palm trees

Trees, Leaves and Tall Plants

Trees have existed on Earth for 370 million years. Varieties and species of trees grow almost everywhere in every world, even in some frigid Arctic regions.

The oldest known tree species is the Methuselah tree, a Great Basin bristlecone pine (Pinus longaeva). The only place to find the Methuselah tree is in the White mountains of California. Tree rings show these trees to be neary 5,000 years old. Methuselah trees are stunted with gnarled trunks and branches

The shortest tree is the Dwarf Willow (Salix herbacea) which grows in the coldest places in the Northern Hemisphere.

The tallest trees are California state redwoods (Sequoia sempervirens) and can grow to be a whopping 300 feet tall on average. One redwood, called Hyperion was discovered in 2006 and stands at 379.7 feet tall. Sequoia redwoods usually live from 500 to 700 years. Some, however have been found to be as old as 2,000 years.

The Giant Sequoia is the largest tree in the world. Sequoiadendron giganteums are oldy found California's Sequoia National Park. The largest sequoia gigantus is called General Sherman which is estimated to be about 2,000 years old. Some trees are thought to be over 3,220 years old.

Rarest tree: The Guinness Book of Records lists the Three Kings kaikomako (Pennantia baylisiana) among the world's rarest tree. One solitary Three Kings kaikomako tree was discovered in 1945 living on a scree slope in the Three Kings group off Cape Reinga, New Zealand. At time of discovery there was only one tree in existence due to over grazing by goats imported to the island. Seeds are collected and planted now to keep the tree species alive.

Some tree species cluster within a country or specific habitat, others live virtually everywhere in the world. The most common trees include:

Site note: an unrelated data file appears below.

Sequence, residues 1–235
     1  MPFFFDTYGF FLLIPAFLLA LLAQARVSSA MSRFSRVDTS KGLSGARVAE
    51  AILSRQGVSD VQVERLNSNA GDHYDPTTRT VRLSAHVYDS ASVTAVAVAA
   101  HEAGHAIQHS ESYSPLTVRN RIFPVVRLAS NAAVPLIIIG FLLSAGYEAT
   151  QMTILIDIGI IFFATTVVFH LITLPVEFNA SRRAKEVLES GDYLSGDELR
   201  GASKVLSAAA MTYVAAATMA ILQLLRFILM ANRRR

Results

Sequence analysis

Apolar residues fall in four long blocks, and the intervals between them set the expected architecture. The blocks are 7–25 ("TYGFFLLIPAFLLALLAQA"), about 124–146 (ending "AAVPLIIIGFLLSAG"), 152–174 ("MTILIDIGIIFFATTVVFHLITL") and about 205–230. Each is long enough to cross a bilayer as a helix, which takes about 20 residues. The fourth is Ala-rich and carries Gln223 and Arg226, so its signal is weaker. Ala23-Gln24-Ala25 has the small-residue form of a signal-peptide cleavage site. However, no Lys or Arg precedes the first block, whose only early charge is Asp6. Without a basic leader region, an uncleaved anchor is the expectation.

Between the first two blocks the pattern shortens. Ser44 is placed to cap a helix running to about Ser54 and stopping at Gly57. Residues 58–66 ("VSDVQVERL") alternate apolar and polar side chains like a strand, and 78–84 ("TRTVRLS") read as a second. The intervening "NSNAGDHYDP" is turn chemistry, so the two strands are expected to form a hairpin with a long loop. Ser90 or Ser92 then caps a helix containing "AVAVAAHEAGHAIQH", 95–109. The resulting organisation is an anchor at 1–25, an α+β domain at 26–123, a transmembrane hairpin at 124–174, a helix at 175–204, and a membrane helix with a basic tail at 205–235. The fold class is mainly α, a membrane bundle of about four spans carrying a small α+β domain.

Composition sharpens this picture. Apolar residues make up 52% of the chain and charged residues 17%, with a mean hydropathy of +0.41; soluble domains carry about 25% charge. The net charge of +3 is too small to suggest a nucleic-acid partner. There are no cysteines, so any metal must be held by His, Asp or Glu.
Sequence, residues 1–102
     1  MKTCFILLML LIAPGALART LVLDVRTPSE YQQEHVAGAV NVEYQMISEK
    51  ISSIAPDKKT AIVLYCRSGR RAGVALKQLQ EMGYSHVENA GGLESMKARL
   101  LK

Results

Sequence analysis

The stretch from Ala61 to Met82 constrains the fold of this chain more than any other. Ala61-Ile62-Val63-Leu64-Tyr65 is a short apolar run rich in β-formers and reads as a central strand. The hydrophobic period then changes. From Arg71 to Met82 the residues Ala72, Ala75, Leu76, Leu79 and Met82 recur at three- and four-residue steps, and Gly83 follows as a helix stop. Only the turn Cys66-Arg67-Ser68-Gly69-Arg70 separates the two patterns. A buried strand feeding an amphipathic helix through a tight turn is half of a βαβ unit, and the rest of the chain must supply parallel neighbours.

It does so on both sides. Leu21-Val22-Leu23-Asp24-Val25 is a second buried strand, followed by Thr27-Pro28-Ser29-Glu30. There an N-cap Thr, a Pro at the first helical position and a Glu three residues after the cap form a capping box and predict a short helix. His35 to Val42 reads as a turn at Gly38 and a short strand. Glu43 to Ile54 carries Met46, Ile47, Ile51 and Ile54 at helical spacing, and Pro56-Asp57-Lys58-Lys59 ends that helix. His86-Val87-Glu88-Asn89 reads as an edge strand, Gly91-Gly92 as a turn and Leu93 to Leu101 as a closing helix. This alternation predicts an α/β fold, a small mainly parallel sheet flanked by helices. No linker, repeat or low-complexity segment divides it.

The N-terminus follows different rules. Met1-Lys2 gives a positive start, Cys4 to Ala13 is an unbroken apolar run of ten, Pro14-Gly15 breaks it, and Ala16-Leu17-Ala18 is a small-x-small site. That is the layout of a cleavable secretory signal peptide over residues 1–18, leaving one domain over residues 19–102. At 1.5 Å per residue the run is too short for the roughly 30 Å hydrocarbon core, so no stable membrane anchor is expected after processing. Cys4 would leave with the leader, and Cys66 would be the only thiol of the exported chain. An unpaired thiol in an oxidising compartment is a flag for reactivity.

• Red Alder (Alnus rubra)
  • Red Maple (Acer rubrum)
  • Green Ash (Fraxinus pennsylvanica)
  • White Ash (Fraxinus americana)
  • Quaking aspen (Populus tremuloides)
  • American Beech (Fagus grandifolia)
  • Loblolly pine (Pinus taeda)
  • American sweetgum (Liquidambar styraciflua)
  • Douglas-fir (Pseudotsuga menziesii)
  • Sugar maple (Acer saccharum)
  • Balsam fir (Abies balsamea)
  • Flowering dogwood (Cornus florida)
  • Lodgepole pine (Pinus contorta)
  • White oak (Quercus alba)
  • Common Ash – Fraxinus Excelsior, European ash
  • Aspen – Populus Tremula
  • Silver Birch – Betula Pendula
  • Sessile Oak – Quercus Petraea
  • Sweet Chestnut – Castanea Sativa

Materials To Keep On Hand

Paper Trivia: Did you know that you can only fold a sheet of printer paper in half seven times? Give it a try. It doesn't matter how thick or thin the paper is, once you get to the seventh fold, the paper will not bend or budge.

Sun catchers. To create a translucent, stained glass ornaments effect, apply a bit of lemon oil to the back sides of paper ornaments to create a.

Hang the ornaments on trees, in windows, anywhere bright colorful decorations are desired.

Construct a large paper-tree for the wall with shades of green construction paper. Draw a large tree on a sheet of easel pad paper to tack onto a wall or other flat surface, then decorate with paper ornaments.

  • Types of Paper:
    • Construction - many colors
    • Copier - many colors
    • Tissue
    • Crepe
    • Cardboard
    • Cardstock - many colors
    • Tracing
    • Water-color
    • Drawing
    • Onionskin
    • Paper tubes - TP tissue, paper towel and gift-wrap
    • Foam craft sheets - many colors
    • Magnet sheets - Make refrigerator magnets
    • Stiff Stencil - Paint repeating patterns on items, embroidery, latch-hook rug patterns
    • Felt sheets - Make filled or layered ornaments
  • Some Mediums & Tools to keep handy for the creative process.
    • Colorful Markers - fine to thick point
    • Wax Crayons - stock up around school sales
    • Water color sets - and plastic tablecloths
    • Chalk - many colors
    • Colored pencils - many colors
    • Tempura finger paints - primary colors - mixing to discover is half the fun
    • Paint brushes - fine tip to standard school size child's brush size at least.
    • Straws - paper not plastic
    • Tooth picks - age appropriate
    • Sponges - cut into shapes or purchase for blotting paint shapes
    • Needlepoint, embroidery thread and stretcher hoops
    • Puffy paint and glitter - to draw words, images and shapes on cloth
    • Wine corks
    • Celluclay - A handy pulverized paper product that resembles clay for paper mache'
    • Modeling clay - reusable, come in colors, good for making molds
    • Pottery clay - Only if you expect to use a kiln
    • Silicon molds and release spray
    • Wooden shapes - to paint for ornaments and gifts
    • Decal sheets for window decals
    • Cloth scrap pieces left overs from sewing
    • Clay modeling tools - ll sorts, combs, forks, dental picks, anything to make interesting cuts and patterns
    • Plain tee shirts